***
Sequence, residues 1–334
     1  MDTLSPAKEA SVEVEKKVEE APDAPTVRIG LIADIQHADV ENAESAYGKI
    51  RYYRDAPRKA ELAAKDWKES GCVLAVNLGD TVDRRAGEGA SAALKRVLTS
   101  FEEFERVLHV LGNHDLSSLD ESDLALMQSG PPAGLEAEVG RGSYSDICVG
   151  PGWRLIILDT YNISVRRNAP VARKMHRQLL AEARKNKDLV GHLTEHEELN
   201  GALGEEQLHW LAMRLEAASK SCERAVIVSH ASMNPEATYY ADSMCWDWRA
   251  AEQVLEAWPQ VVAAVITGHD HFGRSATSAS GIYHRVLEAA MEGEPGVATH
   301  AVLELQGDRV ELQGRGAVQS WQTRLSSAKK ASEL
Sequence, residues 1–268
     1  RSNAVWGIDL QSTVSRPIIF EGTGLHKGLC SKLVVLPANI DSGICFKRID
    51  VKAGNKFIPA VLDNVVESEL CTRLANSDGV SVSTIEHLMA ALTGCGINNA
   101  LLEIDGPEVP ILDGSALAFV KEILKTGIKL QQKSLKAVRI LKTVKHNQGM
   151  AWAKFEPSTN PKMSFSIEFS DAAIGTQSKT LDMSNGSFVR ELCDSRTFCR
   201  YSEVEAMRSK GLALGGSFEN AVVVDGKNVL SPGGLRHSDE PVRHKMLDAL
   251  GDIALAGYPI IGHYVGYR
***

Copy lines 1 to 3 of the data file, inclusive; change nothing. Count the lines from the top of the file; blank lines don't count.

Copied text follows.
Sequence, residues 1–334
     1  MDTLSPAKEA SVEVEKKVEE APDAPTVRIG LIADIQHADV ENAESAYGKI
    51  RYYRDAPRKA ELAAKDWKES GCVLAVNLGD TVDRRAGEGA SAALKRVLTS